On 18 January 2017, WorkSafeWA released an agricultural safety checklist which includes some hazards associated with quad bike operations. West Australia’s occupational health and safety (OHS) regulator stresses the checklist only lists common hazards and refers to a handbook. The only agricultural handbook available on its website is from 2014 and the quad bike safety information seems outdated or, at least, inconsistent with the advice from South Australia and elsewhere. Continue reading “Inconsistent quad bike safety advice in WA”
SafeWorkSA has released a series of single page safety advices on a range of occupational health and safety (OHS) topics including the use of quad bikes in agricultural workplaces. The information included and the tone used indicates that the debate over quad bike safety may be settling.
The advice is clear and concise with some new safety perspectives but there are a couple of odd elements. The advice does say that the suitability of a quad bike should be assessed prior to purchasing but doesn’t suggest alternatives. These options should be expanded elsewhere on SafeWorkSA’s website or farming publications. Continue reading “Latest quad bike safety advice is more measured”
Part 2 of the Cabbage Salad and Safety podcast’s discussion on managing drugs and alcohol at work is now available.
On October 7 2016, Victoria’s trade union movement held a Young Worker Conference. The major public statement from that conference was the launch of a survey report called Young Workers Health and Safety Snapshot. The report has received some mainstream press which is not unusual for this type of trade union member survey. Almost twenty…
Part of the reason that workplace safety seems complicated to many business owners is that, sometimes, occupational health and safety (OHS) consultants over-complicate safety. Safe Work Method Statements (SWMS) are safety documents designed for high risk work activities that this blog has written about previously. Recently SWMS have begun to be sold through a major office stationery…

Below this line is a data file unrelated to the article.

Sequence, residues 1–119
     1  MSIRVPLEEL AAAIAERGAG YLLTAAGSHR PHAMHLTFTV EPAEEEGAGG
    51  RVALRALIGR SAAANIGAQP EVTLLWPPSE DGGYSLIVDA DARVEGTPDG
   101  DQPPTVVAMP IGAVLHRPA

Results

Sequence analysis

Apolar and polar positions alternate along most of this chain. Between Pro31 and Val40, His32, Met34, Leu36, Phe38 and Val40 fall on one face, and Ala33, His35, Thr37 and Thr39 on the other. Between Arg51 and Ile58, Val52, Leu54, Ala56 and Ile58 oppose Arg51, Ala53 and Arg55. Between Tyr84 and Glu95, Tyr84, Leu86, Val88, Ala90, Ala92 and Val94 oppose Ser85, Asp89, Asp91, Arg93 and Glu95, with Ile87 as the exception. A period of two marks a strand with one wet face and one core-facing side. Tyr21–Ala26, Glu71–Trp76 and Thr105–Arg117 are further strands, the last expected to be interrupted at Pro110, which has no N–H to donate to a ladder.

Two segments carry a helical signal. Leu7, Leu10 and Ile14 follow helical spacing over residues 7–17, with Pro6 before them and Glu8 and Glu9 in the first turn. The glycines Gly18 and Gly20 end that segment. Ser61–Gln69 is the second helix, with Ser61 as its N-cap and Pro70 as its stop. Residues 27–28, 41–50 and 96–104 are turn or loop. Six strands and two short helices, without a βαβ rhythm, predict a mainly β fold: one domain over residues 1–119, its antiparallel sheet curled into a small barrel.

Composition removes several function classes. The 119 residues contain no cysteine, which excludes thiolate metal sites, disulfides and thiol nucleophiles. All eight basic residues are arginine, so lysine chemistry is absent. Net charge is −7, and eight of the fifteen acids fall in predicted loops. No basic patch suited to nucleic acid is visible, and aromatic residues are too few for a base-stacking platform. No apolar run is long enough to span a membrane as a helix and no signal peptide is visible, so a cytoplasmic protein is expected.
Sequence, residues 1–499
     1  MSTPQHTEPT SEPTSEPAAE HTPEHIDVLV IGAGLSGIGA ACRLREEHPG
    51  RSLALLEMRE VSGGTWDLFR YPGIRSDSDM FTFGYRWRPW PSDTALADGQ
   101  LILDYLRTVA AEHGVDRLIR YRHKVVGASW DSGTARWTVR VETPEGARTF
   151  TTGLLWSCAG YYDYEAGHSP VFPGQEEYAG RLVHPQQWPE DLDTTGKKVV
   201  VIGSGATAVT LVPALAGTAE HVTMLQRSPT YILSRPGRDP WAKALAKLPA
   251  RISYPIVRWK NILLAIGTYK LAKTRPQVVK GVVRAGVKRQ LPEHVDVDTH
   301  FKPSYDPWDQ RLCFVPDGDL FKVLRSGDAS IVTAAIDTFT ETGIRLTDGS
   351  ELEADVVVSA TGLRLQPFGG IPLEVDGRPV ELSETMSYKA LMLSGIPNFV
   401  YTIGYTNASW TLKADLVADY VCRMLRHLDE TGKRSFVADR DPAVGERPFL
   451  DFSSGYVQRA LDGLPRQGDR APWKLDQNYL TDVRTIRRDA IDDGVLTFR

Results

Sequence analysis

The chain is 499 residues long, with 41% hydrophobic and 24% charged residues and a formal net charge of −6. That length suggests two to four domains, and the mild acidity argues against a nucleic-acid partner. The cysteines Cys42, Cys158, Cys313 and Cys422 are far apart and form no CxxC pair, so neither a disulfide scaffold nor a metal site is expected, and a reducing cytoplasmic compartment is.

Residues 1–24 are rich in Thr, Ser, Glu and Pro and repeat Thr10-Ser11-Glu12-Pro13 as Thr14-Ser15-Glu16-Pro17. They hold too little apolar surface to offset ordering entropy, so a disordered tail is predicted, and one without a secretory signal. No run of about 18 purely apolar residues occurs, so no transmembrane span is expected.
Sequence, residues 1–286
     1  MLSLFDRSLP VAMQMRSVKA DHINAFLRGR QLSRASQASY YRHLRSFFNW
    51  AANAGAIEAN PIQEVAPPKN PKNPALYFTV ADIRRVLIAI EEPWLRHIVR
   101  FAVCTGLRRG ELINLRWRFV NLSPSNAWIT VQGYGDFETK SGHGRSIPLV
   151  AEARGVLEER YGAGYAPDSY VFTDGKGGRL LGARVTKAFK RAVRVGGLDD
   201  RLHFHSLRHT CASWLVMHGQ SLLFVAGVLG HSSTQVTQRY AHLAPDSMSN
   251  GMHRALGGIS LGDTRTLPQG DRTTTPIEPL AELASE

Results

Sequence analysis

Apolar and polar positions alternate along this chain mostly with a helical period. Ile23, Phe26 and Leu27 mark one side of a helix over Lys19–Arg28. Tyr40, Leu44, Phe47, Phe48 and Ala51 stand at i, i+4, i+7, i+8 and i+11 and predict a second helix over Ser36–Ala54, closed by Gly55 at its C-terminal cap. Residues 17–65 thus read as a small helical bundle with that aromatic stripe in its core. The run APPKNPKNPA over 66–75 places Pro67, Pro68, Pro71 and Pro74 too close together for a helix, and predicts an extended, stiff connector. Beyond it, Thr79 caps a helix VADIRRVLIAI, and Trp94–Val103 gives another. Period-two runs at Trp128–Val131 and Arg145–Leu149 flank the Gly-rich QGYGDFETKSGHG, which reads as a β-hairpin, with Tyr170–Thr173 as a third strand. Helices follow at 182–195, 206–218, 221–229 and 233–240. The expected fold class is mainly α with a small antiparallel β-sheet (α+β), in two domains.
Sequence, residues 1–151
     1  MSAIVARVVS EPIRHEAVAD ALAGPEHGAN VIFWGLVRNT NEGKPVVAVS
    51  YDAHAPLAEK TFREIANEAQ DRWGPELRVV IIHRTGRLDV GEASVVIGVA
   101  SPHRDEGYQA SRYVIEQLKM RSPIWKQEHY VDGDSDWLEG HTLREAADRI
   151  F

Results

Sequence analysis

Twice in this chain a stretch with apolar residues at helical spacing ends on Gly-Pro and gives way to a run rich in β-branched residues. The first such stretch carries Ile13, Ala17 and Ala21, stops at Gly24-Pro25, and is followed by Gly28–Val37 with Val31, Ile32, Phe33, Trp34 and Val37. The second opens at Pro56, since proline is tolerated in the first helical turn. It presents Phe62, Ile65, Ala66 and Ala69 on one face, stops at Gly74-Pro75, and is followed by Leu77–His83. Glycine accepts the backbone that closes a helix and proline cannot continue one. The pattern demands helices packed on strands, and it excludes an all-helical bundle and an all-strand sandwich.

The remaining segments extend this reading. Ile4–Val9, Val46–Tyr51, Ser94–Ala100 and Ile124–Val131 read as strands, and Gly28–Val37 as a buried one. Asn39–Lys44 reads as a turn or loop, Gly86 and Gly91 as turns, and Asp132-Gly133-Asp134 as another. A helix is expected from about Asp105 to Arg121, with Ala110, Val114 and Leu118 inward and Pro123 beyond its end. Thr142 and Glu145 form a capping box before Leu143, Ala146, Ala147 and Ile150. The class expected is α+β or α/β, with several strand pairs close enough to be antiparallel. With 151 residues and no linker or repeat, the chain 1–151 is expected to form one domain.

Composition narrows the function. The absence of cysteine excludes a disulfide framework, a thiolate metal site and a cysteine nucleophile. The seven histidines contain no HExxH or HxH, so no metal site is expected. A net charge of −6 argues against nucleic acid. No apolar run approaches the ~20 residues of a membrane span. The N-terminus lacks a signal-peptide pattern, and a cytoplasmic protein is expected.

In May 2016, the Safety Institute of Australia (SIA) and Herbert Smith Freehills (HSF) held their annual safety breakfast. The speakers were the usual blend of WorkSafe representative, SIA, Herbert Smith Freehills and remuneration survey results but there is always bits of useful information for the old hands and a lot of information for new entrants in the occupational health and safety profession. Continue reading “Breakfast seminar provides OHS tidbits”
In 2014 during an election campaign (now Premier of Victoria) Daniel Andrews stated:
“Labor will introduce random breath testing for all Members of Parliament during sitting weeks” and
“Labor will also legislate to give the Chief Justice, the Chief Judge and the Chief Magistrate the power to require these random tests of the judiciary.”
At the time potential drug and alcohol testing on Victorian construction sites was topical.
This week the first pledge was dropped and the second was obfuscated. Where was the safety justification for this pledge in the first place? What was Andrews thinking?
One of the benefits of the Internet is that people are able to distribute their thoughts in a variety of formats. (I am surely not the first to see some parallels with pamphleteering in the 1700s.) In November 2015, Australian safety professional Faith Eeson published Safety & The Three Little Pigs as an e-book.
The book is not a manual or a deep analysis of a particular safety topic. It is a rumination on various safety-related issues with each chapter being no more than a couple of pages each. Eeson peppers the e-book with references to fresh contemporary incidents in Australia, such as the Lindt Cafe siege last year in Sydney or the community prevalence of methamphetamine. It may just the type of e-book that some small business owners made need for reassurance and guidance Continue reading “Safety and The Three Little Pigs – WTF?”
It always surprises me when clients and colleagues ignore the Hierarchy of Controls when deciding what control measures to introduce. Recently Oregon’s OSHA released a podcast about the Hierarchy of Controls which shares some of my concerns.
It was concerning that the podcast stated that some hierarchies place Administrative Controls on the same level as Engineering Controls and that some consider fall protection devices as Engineering Controls due the engineering of the anchor point (a dubious engineering control as this blog has discussed previously).
Below are several quotes from the 4 minute podcast Michael Wood of Oregon OSHA.
“A control that fully eliminates the hazard is always preferred to one that does not.”
“The hierarchy improves the control’s reliability.”
“The hierarchy of control recognises that perfection in human performance can not be attained.”
This short podcast is a good quick reminder to occupational health and safety professionals but could also be discussion catalyst on basic hazard management.